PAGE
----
You’re already doing it.
Growth influences the self-image. The more you grow as a person, the better self-image you’ll have.
And reading gives you that.
You can read about self-image as you’re doing now. You can read about one of the problems that you need to solve. You can read about a topic that you’re interested in. You can read something informative or thought-provoking. You can read fiction and nonfiction.
Reading will give you new ideas and probably new skills. That way, you’ll be able to solve your life problems better; you’ll become competent. With competence comes confidence.
It’s straightforward and simple. Read. Start small if you have to. It’s a long term process, but it’ll influence many things in your life, your self-image included.
Volunteering And Giving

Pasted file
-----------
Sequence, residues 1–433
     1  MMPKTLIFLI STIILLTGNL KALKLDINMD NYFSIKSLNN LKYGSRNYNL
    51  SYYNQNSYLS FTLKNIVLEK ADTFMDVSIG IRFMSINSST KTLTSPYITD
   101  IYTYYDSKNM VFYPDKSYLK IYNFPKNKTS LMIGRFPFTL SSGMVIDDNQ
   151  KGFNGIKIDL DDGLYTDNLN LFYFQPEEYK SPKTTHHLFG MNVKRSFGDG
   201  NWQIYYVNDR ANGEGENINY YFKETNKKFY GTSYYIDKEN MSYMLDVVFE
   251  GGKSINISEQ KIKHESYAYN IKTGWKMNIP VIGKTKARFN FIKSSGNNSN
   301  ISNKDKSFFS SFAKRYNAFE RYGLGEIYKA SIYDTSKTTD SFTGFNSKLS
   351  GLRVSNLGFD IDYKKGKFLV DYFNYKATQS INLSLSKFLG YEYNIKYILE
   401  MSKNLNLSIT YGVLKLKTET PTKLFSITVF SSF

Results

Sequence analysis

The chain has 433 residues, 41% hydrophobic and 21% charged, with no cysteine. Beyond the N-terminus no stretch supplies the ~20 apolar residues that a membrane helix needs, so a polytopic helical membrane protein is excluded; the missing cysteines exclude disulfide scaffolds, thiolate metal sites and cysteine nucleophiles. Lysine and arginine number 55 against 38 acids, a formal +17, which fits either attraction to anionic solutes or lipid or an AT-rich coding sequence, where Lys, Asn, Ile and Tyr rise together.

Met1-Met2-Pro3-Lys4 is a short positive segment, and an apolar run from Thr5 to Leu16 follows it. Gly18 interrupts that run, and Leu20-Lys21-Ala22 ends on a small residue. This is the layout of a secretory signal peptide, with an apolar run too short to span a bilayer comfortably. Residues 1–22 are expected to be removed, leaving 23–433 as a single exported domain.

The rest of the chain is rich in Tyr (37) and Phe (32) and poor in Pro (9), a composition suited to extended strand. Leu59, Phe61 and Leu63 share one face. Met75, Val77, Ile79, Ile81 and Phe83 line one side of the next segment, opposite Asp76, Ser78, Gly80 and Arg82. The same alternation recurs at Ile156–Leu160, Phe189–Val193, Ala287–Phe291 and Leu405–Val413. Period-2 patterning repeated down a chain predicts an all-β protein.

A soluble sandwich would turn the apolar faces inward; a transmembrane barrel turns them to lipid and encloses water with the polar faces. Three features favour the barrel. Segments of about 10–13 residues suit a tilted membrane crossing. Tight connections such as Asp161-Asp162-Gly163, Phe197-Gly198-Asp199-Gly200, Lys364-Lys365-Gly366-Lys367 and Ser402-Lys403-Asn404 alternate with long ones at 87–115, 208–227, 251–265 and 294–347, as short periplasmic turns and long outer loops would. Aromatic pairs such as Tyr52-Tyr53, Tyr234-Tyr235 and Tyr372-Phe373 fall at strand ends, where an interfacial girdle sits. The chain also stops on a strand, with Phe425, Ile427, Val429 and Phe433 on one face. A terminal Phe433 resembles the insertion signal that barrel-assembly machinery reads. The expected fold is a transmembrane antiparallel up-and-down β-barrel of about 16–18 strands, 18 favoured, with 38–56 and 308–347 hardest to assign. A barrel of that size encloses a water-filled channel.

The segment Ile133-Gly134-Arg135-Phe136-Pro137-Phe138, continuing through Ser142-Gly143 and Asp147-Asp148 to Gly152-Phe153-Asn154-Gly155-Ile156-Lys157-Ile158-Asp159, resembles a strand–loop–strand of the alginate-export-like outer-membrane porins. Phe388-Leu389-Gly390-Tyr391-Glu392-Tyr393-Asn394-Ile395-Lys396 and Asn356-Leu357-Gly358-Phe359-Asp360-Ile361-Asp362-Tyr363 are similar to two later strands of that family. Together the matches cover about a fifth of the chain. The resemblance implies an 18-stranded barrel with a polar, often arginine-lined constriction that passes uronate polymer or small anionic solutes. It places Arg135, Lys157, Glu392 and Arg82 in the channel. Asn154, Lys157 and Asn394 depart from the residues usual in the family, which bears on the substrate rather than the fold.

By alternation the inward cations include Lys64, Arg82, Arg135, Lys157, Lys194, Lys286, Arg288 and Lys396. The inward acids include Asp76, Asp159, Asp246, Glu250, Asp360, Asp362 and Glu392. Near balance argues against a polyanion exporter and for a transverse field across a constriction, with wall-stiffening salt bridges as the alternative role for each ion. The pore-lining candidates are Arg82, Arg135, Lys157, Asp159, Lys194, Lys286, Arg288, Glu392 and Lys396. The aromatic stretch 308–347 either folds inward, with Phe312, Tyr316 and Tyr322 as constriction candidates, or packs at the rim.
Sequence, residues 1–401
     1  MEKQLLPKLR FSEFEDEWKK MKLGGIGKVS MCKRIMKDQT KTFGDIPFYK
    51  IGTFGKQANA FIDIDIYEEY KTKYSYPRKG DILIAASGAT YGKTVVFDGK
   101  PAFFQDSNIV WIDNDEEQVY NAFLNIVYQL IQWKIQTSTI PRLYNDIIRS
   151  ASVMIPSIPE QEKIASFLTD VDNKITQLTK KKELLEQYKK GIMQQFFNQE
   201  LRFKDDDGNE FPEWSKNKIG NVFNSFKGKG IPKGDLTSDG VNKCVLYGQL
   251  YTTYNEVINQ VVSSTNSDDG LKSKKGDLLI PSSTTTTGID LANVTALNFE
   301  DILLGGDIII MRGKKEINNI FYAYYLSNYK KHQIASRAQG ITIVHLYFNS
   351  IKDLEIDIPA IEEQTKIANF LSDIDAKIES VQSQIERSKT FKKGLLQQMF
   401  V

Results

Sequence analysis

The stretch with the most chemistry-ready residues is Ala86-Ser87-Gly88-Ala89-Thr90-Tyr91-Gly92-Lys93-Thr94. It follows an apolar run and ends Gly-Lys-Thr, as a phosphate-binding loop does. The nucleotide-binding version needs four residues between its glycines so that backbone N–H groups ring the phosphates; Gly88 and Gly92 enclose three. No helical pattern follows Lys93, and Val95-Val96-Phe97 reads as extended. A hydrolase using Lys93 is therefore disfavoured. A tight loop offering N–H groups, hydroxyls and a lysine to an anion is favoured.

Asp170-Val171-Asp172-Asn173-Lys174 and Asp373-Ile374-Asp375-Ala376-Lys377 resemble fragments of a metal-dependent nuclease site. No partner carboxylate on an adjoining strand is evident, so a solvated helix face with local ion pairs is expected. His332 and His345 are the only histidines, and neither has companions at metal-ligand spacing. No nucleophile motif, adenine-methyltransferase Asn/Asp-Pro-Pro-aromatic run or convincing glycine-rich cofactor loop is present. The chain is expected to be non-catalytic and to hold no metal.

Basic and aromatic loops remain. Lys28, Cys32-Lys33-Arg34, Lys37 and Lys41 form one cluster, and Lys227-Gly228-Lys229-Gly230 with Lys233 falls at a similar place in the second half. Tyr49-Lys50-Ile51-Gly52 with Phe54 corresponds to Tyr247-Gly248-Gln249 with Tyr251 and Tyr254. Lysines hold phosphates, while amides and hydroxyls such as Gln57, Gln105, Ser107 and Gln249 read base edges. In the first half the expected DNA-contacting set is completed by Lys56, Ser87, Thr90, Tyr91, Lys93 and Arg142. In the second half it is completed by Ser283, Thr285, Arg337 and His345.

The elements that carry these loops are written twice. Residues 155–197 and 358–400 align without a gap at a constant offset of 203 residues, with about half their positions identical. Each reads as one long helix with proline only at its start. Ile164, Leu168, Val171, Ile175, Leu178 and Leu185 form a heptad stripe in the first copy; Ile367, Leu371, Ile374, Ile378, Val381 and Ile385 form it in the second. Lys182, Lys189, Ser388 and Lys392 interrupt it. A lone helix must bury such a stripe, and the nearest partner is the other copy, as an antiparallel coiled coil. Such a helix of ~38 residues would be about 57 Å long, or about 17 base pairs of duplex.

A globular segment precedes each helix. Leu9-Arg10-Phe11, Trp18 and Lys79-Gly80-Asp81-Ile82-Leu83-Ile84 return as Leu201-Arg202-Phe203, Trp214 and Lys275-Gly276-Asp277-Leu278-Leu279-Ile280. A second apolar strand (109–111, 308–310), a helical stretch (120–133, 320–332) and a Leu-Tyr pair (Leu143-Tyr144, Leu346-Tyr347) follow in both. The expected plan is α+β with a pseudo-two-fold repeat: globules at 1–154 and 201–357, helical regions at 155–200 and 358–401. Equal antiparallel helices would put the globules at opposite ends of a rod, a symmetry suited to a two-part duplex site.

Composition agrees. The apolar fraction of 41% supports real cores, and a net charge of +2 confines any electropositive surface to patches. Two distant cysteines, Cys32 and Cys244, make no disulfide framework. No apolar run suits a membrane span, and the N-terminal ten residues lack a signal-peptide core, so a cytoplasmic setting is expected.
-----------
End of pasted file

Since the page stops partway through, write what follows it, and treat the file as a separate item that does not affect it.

Volunteering can help you get more self-esteem, feel more connected to the society, and even help you to become more healthy (studies).
This will definitely affect the way you see yourself.
When you give something without expecting anything in return, you experience a lot of strong and beautiful emotions.
And generally, every behavior that you do will affect the way you see yourself. And when this behavior is as noble and good as giving, it’ll affect the way you see yourself positively. Let alone that it’ll bring other feelings such as gratitude and connection.
Try it. Go and volunteer or just help someone by giving with no strings attached. You’ll be amazed by how good you’re going to feel.
Tony Robbins talks a lot about how giving is the secret to living. And how giving and helping someone can touch you emotionally and even change your entire perspective.
In a recent article in LinkedIn, he said that giving helps him find energy that doesn’t exist, untapped creativity …etc. [Quote him]
It’s worth the try.